Although, as of now, such a feature is considered standard in software engineering, Ionic simply doesn’t have it. It takes time to implement the changes, refreshing the whole app to show you the changes made. This fact, even though seemingly innocuous, can drastically slow down the speed of development.
This con may not be considered a con in itself, but as a possibility of a pitfall. Since its fourth version, Ionic does not contain any built-in code uglificators, thus making it easy for hackers to read. But, as we’ve already said, this problem might not even be a problem if your app is not possible to reverse engineer or if you use Angular CLI or older versions of Ionic.
That’s a short list of the most important drawbacks Ionic possesses. Now, let’s take a closer look at the pros of this SDK.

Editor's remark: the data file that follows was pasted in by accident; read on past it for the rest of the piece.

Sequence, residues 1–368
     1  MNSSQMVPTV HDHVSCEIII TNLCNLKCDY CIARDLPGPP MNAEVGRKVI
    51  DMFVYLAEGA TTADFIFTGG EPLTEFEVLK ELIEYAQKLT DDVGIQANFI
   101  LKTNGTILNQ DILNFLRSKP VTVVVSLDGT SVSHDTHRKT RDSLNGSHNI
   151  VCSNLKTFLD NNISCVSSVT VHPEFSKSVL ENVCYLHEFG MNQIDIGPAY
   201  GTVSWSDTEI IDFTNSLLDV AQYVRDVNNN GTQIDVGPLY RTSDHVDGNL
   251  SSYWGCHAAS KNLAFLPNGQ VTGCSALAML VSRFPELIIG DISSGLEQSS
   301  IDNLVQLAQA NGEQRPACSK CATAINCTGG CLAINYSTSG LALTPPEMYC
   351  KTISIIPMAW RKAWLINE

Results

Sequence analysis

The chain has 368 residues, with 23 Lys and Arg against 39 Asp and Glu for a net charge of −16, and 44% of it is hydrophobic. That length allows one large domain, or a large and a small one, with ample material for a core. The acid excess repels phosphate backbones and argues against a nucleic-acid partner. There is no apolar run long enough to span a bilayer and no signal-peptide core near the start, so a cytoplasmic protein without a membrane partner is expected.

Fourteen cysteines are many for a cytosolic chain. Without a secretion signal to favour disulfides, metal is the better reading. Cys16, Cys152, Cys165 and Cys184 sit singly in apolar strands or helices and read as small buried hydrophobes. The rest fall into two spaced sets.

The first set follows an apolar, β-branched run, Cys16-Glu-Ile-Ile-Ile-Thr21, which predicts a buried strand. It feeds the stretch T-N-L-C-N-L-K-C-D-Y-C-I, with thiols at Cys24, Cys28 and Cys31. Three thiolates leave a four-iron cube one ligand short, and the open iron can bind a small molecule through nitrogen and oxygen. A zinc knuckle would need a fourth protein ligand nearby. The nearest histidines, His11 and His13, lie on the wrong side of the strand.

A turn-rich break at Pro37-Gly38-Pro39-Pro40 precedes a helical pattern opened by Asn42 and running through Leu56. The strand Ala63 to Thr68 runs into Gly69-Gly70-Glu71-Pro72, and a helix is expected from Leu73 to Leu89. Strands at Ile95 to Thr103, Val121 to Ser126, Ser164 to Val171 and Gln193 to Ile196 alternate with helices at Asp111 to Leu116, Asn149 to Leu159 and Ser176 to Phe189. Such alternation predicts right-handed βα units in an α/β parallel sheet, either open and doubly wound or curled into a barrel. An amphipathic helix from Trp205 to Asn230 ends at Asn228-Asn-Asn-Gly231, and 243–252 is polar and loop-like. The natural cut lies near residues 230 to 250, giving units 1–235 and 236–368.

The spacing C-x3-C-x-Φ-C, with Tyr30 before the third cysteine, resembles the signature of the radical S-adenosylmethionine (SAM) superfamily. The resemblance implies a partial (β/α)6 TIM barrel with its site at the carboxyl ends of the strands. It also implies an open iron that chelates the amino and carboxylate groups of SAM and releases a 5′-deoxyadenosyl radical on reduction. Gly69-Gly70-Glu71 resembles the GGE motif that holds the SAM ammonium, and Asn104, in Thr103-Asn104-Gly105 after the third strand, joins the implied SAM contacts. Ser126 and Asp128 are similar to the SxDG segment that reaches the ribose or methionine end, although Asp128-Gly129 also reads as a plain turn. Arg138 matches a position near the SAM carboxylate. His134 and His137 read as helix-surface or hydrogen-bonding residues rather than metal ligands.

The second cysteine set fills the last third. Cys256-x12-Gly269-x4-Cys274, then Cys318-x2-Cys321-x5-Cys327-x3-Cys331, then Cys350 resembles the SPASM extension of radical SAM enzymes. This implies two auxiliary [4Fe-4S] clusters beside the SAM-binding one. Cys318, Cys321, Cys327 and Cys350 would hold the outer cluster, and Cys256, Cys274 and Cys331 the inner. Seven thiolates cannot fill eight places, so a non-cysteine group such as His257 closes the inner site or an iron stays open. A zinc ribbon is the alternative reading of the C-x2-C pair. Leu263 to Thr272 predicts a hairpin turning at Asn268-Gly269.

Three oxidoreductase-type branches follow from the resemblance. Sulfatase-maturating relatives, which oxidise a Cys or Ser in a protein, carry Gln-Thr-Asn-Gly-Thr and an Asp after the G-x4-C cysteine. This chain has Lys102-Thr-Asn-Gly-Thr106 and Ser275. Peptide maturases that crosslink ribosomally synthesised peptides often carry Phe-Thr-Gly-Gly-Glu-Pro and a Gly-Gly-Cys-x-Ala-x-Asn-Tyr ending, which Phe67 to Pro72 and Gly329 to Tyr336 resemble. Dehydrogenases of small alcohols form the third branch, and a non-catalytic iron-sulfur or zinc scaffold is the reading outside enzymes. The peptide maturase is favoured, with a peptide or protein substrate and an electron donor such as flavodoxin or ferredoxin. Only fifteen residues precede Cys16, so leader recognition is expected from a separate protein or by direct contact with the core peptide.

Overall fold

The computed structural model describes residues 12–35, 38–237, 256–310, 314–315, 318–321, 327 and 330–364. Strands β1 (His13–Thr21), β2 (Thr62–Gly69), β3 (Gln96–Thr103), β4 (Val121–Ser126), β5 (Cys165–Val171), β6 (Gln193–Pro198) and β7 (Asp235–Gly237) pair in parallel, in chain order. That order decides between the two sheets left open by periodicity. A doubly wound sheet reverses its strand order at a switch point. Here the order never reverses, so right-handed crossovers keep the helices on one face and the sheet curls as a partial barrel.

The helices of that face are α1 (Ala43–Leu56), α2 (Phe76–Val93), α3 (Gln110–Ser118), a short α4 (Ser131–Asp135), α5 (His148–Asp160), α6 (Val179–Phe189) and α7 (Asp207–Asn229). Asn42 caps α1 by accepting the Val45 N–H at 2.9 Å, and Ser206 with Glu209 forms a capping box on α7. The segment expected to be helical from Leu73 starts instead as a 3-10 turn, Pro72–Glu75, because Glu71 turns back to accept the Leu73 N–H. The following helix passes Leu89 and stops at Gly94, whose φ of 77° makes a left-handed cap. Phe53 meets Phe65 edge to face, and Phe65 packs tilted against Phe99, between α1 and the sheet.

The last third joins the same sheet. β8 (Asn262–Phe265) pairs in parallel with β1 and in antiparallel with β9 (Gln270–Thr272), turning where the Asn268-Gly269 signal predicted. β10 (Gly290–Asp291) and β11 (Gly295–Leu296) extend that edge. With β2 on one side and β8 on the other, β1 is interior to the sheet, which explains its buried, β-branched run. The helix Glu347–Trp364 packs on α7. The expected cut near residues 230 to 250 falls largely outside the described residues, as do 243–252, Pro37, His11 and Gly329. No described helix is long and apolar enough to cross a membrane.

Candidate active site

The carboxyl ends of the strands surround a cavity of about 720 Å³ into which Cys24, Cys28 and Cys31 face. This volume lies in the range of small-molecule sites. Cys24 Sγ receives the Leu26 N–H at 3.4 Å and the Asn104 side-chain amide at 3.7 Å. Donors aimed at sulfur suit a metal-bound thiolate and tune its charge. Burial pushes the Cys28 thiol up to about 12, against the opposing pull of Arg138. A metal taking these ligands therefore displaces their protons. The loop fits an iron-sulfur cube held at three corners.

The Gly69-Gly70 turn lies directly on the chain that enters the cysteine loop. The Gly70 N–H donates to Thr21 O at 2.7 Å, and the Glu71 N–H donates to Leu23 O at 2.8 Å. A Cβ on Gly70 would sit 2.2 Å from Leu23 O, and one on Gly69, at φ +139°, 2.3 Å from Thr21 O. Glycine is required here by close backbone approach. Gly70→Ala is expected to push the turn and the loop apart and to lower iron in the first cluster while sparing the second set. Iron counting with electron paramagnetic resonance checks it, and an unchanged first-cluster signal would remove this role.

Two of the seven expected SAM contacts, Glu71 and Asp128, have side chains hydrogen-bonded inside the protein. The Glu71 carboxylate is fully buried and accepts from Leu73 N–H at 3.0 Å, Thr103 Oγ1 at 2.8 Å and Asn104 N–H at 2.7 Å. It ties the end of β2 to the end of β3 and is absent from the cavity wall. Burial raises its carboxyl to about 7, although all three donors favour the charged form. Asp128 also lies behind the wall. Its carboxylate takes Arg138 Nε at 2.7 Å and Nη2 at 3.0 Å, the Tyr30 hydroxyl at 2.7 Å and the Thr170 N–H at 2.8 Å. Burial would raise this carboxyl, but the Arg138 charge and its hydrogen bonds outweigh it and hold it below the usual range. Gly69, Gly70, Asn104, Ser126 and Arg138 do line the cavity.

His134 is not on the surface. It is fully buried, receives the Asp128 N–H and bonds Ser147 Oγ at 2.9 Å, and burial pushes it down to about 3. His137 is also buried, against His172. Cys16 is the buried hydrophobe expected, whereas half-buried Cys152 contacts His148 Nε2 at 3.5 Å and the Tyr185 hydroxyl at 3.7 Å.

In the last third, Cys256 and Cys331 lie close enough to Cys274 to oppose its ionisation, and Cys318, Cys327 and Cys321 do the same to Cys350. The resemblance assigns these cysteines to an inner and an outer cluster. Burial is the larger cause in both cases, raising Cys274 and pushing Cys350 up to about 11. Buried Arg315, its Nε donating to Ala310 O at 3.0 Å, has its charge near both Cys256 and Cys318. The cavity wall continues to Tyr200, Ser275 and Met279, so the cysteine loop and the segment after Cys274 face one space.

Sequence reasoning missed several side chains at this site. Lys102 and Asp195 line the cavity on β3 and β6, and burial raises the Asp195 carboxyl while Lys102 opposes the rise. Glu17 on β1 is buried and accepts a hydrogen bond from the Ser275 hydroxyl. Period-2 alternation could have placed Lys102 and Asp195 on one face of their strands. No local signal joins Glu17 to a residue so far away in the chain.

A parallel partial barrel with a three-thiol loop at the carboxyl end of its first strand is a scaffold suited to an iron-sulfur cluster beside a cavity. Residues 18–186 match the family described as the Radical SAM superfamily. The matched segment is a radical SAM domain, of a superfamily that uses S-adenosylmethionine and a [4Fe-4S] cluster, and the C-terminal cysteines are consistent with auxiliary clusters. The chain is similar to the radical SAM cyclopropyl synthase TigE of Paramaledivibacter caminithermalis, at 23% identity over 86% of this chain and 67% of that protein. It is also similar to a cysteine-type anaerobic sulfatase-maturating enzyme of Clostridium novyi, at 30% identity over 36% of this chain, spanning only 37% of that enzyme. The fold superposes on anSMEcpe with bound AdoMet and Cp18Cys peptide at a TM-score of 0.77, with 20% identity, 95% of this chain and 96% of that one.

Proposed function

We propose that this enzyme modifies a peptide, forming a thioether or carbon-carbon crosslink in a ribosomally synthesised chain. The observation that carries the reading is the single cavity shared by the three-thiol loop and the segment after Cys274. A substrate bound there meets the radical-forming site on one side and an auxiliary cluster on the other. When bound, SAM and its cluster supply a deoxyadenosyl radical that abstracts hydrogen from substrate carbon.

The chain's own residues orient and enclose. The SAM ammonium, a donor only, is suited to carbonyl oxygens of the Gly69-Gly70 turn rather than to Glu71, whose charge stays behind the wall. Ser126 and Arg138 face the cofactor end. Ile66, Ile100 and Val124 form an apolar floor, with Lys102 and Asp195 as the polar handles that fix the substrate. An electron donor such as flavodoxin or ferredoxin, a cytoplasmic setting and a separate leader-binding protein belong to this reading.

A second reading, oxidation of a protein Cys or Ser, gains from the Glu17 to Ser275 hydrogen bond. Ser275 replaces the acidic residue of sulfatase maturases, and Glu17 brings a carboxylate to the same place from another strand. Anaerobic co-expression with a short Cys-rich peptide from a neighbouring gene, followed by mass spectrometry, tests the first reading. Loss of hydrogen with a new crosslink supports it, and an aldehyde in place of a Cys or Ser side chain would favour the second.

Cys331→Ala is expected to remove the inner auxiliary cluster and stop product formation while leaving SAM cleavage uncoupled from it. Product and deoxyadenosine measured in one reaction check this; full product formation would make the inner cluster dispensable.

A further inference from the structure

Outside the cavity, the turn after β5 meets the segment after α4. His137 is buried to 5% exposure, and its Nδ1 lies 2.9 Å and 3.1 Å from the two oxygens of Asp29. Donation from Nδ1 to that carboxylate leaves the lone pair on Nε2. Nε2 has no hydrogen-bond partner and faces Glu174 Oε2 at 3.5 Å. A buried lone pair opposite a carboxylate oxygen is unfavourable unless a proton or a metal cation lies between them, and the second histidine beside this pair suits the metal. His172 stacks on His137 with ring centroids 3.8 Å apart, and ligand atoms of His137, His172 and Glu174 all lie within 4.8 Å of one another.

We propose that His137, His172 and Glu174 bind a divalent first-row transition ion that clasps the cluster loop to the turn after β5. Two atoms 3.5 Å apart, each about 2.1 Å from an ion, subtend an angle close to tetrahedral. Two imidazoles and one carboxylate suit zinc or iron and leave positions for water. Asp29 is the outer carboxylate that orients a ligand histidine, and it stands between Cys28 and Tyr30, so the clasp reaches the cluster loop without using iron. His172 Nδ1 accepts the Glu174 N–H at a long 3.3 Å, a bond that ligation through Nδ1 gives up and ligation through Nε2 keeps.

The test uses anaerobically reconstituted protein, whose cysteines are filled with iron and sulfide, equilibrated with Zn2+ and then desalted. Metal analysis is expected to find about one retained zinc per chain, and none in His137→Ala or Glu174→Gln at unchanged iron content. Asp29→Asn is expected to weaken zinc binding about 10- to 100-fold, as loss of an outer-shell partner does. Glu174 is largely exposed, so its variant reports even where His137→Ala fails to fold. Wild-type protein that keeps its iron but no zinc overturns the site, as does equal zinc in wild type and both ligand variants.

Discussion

There is always a possibility of integrating a number of tools with Ionic, if you think that what you gain from it is not enough. If you want to know what type of plugins and technologies could possibly be integrated into the SDK – look no further than its official website. Moreover, the site gives you the ability to access the upper-mentioned editions right from it. Although, there is a little catch to consider: some of the tools could only be accessed with the Enterprise version of Ionic, and that requires payments to use Premier plugins and tools. But, on the other hand, there is a list of the Cordova plugins, that are also integrable and conveniently sorted into the platform availability list (you can find it following this link). Or, if you prefer Capacitor to Cordova or you cannot find the plugin needed, you can also use those. Also, the full procedure can be a little trickier at times.